10 June 2008

South Africa: Zille Says Health Bill Will Drive Skills Away

Cape Town — The National Health Amendment Bill would have the opposite effect on the health sector from what is intended, driving prices higher and increasing the numbers of professionals leaving for greener pastures overseas, Democratic Alliance (DA) leader Helen Zille said yesterday.

The bill seeks to give the health minister the power to cap price increases in the private sector. It is also the second bill in the past month, after the Expropriation Bill, to attempt to circumscribe the powers of the courts to adjudicate on the fairness of state actions.

Zille said at a news conference that she agreed with Health Minister Manto Tshabalala-Msimang that prices in the private sector were too high, but stressed the route taken by the state was likely to destroy something that was working rather than making things better.

Zille said the bill would effectively give the minister the power to determine private- sector hospital fees.

"Rather than looking for ways in which to make the skills and high quality of service in the private sector more accessible to more South Africans, the minister has taken a path that will very likely cause SA to lose these skills completely.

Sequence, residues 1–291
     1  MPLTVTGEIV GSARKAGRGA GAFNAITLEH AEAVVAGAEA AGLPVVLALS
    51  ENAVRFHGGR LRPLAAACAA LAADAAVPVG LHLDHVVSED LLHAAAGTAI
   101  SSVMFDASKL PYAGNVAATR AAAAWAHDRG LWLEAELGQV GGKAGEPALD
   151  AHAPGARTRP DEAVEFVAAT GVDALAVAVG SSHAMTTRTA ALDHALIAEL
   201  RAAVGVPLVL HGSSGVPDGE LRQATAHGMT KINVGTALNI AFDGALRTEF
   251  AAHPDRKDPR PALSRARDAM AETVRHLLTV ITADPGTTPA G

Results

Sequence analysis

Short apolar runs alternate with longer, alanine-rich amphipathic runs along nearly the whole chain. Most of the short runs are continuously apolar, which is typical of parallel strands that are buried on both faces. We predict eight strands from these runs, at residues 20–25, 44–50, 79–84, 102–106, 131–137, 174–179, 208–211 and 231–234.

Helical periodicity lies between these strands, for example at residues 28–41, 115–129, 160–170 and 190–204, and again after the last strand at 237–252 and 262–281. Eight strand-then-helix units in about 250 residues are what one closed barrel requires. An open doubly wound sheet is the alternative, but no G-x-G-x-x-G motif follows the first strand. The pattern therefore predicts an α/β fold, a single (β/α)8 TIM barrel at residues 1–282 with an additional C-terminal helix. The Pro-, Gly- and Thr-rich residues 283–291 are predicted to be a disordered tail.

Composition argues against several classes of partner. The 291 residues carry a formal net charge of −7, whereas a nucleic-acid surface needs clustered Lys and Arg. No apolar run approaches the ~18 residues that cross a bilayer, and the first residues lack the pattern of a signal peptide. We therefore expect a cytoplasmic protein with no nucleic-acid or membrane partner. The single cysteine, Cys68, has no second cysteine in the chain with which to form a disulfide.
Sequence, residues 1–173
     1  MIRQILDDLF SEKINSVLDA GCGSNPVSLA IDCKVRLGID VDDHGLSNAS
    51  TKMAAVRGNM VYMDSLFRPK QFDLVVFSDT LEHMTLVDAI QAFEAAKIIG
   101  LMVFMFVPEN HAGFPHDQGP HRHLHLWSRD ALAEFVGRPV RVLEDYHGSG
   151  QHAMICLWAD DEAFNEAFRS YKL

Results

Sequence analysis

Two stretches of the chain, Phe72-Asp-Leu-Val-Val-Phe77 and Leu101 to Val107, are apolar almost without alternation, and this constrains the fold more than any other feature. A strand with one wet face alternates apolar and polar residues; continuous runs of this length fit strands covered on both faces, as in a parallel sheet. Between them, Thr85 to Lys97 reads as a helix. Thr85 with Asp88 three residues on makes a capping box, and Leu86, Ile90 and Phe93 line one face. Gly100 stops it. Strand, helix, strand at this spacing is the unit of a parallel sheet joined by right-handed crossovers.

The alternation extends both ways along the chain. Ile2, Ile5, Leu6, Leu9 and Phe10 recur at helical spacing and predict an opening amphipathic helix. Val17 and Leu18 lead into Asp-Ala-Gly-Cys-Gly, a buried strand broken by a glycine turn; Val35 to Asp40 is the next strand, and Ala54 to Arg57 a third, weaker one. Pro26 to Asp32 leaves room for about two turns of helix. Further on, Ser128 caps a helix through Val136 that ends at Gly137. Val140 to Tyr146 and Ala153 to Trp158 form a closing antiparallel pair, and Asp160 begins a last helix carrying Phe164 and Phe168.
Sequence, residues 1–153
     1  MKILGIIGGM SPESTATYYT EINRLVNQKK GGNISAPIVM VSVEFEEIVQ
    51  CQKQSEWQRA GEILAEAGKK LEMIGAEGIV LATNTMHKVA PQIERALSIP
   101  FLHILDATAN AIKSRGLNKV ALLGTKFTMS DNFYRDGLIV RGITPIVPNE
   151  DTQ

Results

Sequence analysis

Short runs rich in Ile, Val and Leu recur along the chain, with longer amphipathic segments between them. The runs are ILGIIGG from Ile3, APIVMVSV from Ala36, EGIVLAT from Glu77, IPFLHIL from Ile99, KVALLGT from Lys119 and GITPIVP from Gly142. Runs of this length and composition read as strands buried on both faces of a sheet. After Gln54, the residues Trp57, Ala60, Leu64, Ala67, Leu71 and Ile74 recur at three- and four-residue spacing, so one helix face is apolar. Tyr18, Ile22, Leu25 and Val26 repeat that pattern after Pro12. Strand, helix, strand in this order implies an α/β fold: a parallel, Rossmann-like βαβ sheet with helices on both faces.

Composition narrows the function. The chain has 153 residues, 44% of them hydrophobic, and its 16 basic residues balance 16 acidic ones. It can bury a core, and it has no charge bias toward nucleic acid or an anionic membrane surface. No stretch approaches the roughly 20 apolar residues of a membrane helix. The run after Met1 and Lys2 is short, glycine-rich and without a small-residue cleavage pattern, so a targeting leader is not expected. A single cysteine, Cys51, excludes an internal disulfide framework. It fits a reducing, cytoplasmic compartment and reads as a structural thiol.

"There is no doubt that prices are too high in the private sector. But this is the government's fault for creating an uncompetitive and overregulated environment, and for enforcing an artificial divide between the public and the private sectors."

Zille said her comments were based on the DA's policy document, Partners in Health, which would be forwarded to the minister.

Zille homed in on competition as being the main factor in bringing prices down. She said there was little effective competition in the private health sector because the state had barriers in the path of new entrants to the sector. This meant limited supply where there was a great demand and this was a recipe for higher prices.

"Current health policy is aimed at creating a strict separation between the public and private sectors and tight, centralised control over public hospitals. This has created many of the problems with competitiveness and quality that plague the public service, while also ensuring that prices remain high in the private sector (due to) a small and captive market."

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